The Michigan Natural Resources Commission (NRC) will gather input from the Department of Natural Resources (DNR) and other stakeholders regarding fishing regulation changes this week. 

The NRC will meet virtually on Thursday to consider a relatively short agenda. The Michigan DNR will host the meeting, and a recording can be viewed using this link

NRC members will have a fresh slate of business at this meeting pertaining to fisheries issues. Members of the NRC and DNR staff have worked diligently to address issues of transparency in this regulation-setting process after some issues arose in June and July. 

MUCC Executive Director Amy Trotter said these specific orders are important for local stakeholders to review and weigh in on.

“These proposed regulation changes will impact a number of bodies of water around the state and are aimed at assisting the DNR in meeting management goals,” Trotter said. “MUCC staff will continue to work diligently on behalf of our member-passed resolutions to ensure that anglers are well represented in this process.” 

In June, members of the NRC requested that the format of their meetings be changed to address “New Business” and “Old Business” rather than items up “For Information” or “For Action.” Commissioners cited more flexibility in decision-making and added transparency as the reason for this administrative change. 

New Business

The NRC will take up five fisheries orders at this meeting dealing with topics ranging from hook size and gear restrictions to fishing seasons and stream designations.  

The first order on the agenda deals with the legal size of fishing hooks on the Bear River in Emmet County. According to angler feedback, the special hook size restriction zone was confusing and needed clarification. The order under consideration would add common landmarks to more clearly denote the area in question and would put the order in place from the  footbridge north of Lake Street upstream to Lake Street Dam (T34N, R5W, S6). Similar orders are also in place in Allegan, Benzie, Berrien, Charlevoix and Van Buren counties.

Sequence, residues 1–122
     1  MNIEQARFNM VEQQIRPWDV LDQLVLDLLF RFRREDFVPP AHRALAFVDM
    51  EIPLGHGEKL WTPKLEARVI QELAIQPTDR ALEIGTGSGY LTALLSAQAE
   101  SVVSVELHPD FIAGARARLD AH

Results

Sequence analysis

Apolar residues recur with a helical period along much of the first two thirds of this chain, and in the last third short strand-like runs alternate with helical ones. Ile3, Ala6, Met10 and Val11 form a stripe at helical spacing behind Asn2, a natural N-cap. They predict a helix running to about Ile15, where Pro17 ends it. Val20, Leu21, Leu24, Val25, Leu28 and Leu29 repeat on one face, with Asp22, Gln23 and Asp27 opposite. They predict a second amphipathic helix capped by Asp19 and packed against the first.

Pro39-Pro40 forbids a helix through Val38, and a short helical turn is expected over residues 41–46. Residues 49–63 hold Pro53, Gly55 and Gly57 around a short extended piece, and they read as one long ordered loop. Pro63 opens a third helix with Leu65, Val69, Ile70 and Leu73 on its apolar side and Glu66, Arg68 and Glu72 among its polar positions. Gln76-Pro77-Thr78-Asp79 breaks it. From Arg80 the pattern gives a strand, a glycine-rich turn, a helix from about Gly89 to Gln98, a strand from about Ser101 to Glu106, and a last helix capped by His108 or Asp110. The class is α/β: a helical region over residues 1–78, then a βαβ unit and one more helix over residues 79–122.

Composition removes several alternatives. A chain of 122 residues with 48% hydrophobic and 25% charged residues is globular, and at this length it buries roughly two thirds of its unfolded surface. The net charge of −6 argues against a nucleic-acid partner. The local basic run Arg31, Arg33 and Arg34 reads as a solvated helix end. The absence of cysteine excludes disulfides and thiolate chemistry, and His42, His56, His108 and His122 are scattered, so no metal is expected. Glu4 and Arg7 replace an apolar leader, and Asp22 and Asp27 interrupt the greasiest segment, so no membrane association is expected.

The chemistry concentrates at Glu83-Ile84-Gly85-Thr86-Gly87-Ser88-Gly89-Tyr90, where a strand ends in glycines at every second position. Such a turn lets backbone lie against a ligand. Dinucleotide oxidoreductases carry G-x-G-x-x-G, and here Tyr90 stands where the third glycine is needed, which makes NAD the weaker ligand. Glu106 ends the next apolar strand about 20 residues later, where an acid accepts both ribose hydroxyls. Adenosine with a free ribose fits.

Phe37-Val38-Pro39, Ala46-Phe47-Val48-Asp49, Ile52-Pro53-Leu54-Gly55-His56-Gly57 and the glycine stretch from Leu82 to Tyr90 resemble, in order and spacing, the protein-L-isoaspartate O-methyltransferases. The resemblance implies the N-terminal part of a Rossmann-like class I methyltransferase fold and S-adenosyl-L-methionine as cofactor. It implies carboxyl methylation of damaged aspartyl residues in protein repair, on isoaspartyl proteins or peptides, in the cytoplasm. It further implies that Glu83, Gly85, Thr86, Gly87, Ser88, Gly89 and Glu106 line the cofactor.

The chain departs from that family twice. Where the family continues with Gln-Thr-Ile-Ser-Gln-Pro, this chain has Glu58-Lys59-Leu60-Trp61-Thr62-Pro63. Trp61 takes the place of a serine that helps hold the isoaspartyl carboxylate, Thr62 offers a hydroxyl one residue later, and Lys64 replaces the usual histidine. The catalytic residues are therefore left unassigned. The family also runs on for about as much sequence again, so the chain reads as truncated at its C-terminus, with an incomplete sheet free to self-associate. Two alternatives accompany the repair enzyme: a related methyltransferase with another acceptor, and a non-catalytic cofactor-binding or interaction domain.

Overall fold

The second fisheries order on the agenda intends to alter spearfishing regulations on North Manistique (Round) Lake in Luce County. If passed, this order would open the lake to  spearfishing through the ice for northern pike and muskellunge from December 1 through March 15. 

A third fisheries order deals with spawning closures on the Betsie River Homestead Dam area in Benzie County, as well as the Torch River in Antrim and Kalkaska counties and the Douglas Lake pike marsh in Cheboygan County. In this order, NRC members will consider measures to close portions of the Betsie and Torch rivers to fishing during spawning runs to reduce potential harms to those fisheries. This order would also remove the restrictions on the Douglas Lake pike marsh, to “get rid of an unnecessary regulation,” as noted in the memo

The fourth fisheries order intends to alter the designations of certain trout streams, which would alter the regulation classifications of these bodies of water. DNR Fisheries Division recommends adding Carter Creek in Roscommon County and removing Wright Creek in Oscoda County from the order. 

Lastly, members of the NRC will consider an administrative rule regarding state-licensed commercial fishers. This order is used to address issues impacting management of the state-licensed commercial fishery for the better protection, preservation, maintenance and harvesting of the fish. According to the memo, these rules have been renewed annually for the past four years and require renewal again in 2020. It is recommended for renewal without change.

No old business will be considered at this meeting and there are no items for consideration by the DNR Director Dan Eichinger. 

Commissioners will also receive an update on hunting and fishing license sales. Since the onset of COVID-19, the sale of hunting and fishing licenses has increased dramatically year-to-date, and this trend is expected to continue this month. While it is likely more individuals are taking advantage of the outdoors while working remotely, it is also important to note that some of these trends may be the result of the DNR’s new online license platform. 

About Charlie Booher

Charlie Booher is a State Conservation Policy Fellow with Michigan United Conservation Clubs.

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